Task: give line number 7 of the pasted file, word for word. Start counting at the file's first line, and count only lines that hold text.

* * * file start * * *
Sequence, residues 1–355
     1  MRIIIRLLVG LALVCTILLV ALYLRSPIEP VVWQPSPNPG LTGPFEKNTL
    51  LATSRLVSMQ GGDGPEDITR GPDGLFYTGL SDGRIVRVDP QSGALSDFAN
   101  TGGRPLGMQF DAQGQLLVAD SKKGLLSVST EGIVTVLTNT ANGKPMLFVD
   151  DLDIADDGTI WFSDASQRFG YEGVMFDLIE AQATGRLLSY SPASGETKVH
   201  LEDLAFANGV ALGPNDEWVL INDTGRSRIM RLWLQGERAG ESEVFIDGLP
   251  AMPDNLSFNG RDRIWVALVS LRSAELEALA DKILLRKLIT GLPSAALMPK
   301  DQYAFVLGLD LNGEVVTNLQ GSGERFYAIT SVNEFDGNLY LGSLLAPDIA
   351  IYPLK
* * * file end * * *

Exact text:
   251  AMPDNLSFNG RDRIWVALVS LRSAELEALA DKILLRKLIT GLPSAALMPK